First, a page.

Misgendering: What is it?

This blog post is the first in a series on misgendering, ways we can avoid it, and ways to help when others are doing it.

When talking about transgender people the question of pronouns often arises as does misgendering. For those of us who are involved in LGBT/queer/trans spaces we talk about this somewhat regularly. For many, however, there is a lack of understanding about it and the harm it causes to people. At its most basic level misgendering involves referring to someone using pronouns or a title that does not match their gender identity. Calling a man a lady, referring to a woman as ‘he’. There are people who do not see a problem with misgendering and ask why transgender people make a big deal about it. There are a number of reasons why it is important. It is dehumanising, it is a way to deny who a person is, and it serves to reinforce gender stereotypes and roles.

How is misgendering dehumanising? At a fundamental level the pronouns and gender descriptions we use are part of our human experience. For most people there is no second thought to refer to themselves as a man or woman. There is no surprise when they are referred to as a woman or man, or referred to using him or her pronouns. When people get them right interactions go well and all is right with that part of the interaction. There are, however, people who will intentionally misgender a person as a way to present the person as less than human.

While this is most commonly done to dehunamise transgender people and people whose gender identity is non-binary it is also used against those whose gender expression does not match what the person doing the misgendering thinks it should be. When used against transgender people the common way to do this is to refer to the person as “it”. Referring to someone as “it” is used do dehumanise and make the person into something that is completely other. Not worthy of respect. When we see someone as something other than human we are gving license to discriminate and engage in violence against that person.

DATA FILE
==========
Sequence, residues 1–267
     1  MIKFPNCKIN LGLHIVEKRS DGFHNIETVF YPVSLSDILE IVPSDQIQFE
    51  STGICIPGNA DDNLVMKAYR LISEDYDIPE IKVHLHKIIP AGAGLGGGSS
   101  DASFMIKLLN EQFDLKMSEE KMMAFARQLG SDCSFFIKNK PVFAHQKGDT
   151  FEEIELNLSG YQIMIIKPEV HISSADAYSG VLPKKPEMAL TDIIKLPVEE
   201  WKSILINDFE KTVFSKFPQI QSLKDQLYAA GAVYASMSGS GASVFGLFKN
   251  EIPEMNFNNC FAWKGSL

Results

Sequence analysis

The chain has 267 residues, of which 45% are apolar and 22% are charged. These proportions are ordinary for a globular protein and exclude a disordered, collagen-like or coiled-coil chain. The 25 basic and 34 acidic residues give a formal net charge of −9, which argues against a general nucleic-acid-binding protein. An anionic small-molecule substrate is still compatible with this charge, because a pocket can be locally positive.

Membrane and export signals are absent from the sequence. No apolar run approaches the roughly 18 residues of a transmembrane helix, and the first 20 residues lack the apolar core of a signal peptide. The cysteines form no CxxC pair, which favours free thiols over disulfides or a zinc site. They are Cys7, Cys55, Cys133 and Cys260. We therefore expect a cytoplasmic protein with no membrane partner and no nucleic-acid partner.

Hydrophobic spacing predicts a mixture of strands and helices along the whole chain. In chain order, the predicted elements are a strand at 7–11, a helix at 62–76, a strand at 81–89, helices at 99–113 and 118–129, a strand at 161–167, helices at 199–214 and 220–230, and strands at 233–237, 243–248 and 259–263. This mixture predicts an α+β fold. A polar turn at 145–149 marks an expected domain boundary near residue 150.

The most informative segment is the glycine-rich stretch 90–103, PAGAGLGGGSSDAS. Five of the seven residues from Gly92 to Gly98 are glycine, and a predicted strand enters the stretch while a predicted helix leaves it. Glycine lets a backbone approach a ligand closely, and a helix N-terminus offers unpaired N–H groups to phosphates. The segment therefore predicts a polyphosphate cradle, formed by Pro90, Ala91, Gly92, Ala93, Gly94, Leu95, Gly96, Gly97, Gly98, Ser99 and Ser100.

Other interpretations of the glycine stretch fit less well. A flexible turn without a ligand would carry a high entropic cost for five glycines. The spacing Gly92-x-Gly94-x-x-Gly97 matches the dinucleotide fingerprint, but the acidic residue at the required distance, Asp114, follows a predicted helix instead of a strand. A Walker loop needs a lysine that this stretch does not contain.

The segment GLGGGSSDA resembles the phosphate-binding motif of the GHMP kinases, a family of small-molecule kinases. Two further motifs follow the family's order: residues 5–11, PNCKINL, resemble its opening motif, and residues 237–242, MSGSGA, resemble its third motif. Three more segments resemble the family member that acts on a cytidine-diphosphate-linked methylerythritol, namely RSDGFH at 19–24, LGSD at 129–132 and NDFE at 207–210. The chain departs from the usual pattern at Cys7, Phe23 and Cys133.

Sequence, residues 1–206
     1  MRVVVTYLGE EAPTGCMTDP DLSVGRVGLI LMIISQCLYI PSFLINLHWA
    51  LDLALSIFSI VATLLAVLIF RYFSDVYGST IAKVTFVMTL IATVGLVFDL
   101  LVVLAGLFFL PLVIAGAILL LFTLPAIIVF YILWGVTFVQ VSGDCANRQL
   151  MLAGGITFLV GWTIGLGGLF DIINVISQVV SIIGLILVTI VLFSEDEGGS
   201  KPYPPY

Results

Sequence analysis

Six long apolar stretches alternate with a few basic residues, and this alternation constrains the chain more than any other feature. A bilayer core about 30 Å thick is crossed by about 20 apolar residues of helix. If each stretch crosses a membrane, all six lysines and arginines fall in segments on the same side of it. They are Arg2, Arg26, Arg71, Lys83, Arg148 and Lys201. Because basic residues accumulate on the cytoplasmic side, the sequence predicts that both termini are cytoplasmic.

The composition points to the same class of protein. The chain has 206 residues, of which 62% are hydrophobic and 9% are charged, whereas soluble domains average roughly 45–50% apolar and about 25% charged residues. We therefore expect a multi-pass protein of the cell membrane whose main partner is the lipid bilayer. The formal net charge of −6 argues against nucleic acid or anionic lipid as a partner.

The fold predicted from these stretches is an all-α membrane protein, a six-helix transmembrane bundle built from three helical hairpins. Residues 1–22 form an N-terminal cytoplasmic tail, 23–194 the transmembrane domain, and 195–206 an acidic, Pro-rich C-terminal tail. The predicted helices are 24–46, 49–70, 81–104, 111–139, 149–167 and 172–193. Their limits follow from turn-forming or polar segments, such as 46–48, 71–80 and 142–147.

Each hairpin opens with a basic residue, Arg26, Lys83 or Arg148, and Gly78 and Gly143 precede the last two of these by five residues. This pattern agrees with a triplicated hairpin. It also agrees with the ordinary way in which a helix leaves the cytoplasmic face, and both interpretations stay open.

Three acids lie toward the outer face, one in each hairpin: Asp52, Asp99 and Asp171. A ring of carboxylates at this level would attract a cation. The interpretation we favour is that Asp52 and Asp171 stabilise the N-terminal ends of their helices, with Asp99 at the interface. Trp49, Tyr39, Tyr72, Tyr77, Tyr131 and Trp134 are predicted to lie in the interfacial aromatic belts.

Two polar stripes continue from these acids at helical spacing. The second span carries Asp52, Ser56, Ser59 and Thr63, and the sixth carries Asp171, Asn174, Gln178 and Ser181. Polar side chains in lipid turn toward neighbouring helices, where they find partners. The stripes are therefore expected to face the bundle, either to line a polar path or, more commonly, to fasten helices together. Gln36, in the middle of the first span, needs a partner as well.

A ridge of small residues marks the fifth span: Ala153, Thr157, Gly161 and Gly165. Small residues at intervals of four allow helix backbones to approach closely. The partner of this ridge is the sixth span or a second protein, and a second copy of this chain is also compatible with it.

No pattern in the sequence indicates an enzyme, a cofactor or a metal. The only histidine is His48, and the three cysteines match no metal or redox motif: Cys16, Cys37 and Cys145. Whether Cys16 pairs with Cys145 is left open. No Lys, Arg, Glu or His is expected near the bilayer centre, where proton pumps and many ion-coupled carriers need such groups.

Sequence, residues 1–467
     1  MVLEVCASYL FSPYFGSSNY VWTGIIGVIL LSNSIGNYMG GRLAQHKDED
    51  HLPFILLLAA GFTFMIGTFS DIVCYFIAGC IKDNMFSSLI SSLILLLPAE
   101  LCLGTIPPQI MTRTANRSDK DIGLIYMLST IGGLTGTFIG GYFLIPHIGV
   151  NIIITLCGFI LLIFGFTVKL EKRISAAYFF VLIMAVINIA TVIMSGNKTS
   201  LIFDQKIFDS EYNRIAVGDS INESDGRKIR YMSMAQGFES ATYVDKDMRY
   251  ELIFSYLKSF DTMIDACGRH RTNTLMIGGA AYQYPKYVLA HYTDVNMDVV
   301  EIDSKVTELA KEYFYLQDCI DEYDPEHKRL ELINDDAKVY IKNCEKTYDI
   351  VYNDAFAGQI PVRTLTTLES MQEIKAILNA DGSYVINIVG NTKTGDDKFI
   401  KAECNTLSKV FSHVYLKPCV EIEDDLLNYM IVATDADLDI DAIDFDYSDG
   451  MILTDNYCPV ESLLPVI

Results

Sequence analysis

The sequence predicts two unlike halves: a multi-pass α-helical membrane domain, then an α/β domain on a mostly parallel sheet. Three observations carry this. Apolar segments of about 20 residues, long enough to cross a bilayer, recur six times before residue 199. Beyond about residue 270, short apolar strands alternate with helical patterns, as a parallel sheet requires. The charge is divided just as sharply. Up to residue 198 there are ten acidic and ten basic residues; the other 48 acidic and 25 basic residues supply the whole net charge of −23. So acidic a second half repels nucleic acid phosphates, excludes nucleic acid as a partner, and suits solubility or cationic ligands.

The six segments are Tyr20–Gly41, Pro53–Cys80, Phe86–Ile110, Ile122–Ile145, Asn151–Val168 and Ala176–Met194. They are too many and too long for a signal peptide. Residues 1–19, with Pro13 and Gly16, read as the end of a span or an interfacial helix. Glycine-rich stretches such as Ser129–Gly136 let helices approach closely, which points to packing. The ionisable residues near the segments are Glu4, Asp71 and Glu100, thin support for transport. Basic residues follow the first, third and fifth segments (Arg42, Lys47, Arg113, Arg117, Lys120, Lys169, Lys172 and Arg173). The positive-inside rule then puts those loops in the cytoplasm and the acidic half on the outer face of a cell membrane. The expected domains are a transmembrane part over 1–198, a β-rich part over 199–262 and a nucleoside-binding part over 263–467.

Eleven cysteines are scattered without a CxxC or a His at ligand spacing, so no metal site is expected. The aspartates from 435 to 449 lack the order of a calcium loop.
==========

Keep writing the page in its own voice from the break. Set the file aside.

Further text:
When used as a way to invalidate a persons identity and who they are it can be much more insidious and is not limited to use against transgender people. How often do we hear men referred to as being sissies, or put down for behaviours that are seen as feminine? When women are engaging in activities that are seen as “men’s activities” or wearing clothing that is seen as typically for men they are referred to as men as a way to deny that it is part of who they are. People who are confident in their own gender identity and expression are thus denied the right to their own identity and way of being in the world.

All of these types of misgendering are based on expected gender roles and stereotypes that the person engaging the misgendering has. Further, the misgendering is how people try to enforce gender roles and stereotypes. If a transgender woman does not present ‘female enough’ they are often misgendered and referred to as men. If someone transmasculine engages in activities that are typically seen as female roles they are often referred to as women. The same is true for cisgender people who engage in these activities. A friend recounted to me how people at a church she used to attend would try to take away her identity as a woman and her femininity by calling her a guy or a man. She is a confident woman who is straight and cisgender.

Misgendering hurts and is often used as a weapon. It is used against cisgender people and transgender people to force us all into set roles and to match stereotypes. The scars can be lasting. For transgender people misgendering is part of the ongoing struggle and often contributes to mental health problems and can exacerbate feelings of bodily dysphoria. In the wrong setting misgendering can, and does, result in physical harm and assault against transgender people and people whom are seen to be transgender. These harms and ongoing aggressions are a contributing factor in depression, self harm, and suicide.

How do we address this?

In our own lives we can address misgendering by doing our utmost to be conscious and not do it ourselves. We are all products of our society and have internalised messages about what it means to be human, to be male, to be female. We make assumptions many times per day about what gender we think someone else is. Rather than assume a gender and actively misgender someone, ask the person which pronouns and titles they use.

Ask ourselves why we are using the pronouns we are using for a person. Is it because they have stated their pronouns? Is it because we have our own perceptions? Did someone else tell us their pronouns? If there is no opportunity for clarification opt for the gender neutral singular they. It’s easy, it’s cheap, and it’s safe.

Cultivate the habit of being gender neutral in one’s own writing. Refer to people as people instead of using terms like “men and women”. Use the singular they in writing or, as I did earlier this paragraph use “one”. It is not difficult, it just takes some practise. It may feel awkward at first if you are not used to it. Like anything, the more one does it, the easier it can get.

Next week I will talk more about pronouns and titles and how they relate to misgendering, how to correct ourselves, and how to respond when we witness misgendering.

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